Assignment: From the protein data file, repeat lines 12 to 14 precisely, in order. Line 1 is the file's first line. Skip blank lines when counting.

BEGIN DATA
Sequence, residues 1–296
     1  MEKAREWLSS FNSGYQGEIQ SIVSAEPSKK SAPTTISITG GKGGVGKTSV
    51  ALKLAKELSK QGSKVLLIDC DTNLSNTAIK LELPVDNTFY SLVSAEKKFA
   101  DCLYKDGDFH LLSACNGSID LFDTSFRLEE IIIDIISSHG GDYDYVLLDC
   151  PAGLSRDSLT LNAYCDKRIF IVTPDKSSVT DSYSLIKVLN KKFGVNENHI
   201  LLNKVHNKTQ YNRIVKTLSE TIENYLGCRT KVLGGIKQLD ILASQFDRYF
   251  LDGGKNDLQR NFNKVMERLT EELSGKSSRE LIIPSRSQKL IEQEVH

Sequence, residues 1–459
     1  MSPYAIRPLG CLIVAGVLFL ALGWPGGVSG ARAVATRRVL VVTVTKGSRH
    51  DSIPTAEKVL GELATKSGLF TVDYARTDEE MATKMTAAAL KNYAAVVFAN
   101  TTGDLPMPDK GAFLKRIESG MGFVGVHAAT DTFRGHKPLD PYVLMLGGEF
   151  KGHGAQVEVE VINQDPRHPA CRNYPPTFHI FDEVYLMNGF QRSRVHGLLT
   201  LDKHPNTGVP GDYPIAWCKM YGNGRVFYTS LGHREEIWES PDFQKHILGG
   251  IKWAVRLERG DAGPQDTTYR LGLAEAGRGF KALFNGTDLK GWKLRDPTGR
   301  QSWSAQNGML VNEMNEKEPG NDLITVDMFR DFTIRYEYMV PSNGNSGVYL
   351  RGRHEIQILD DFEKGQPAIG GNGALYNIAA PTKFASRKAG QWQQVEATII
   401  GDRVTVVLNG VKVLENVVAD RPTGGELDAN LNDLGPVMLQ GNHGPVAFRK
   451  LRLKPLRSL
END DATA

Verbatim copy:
   151  KGHGAQVEVE VINQDPRHPA CRNYPPTFHI FDEVYLMNGF QRSRVHGLLT
   201  LDKHPNTGVP GDYPIAWCKM YGNGRVFYTS LGHREEIWES PDFQKHILGG
   251  IKWAVRLERG DAGPQDTTYR LGLAEAGRGF KALFNGTDLK GWKLRDPTGR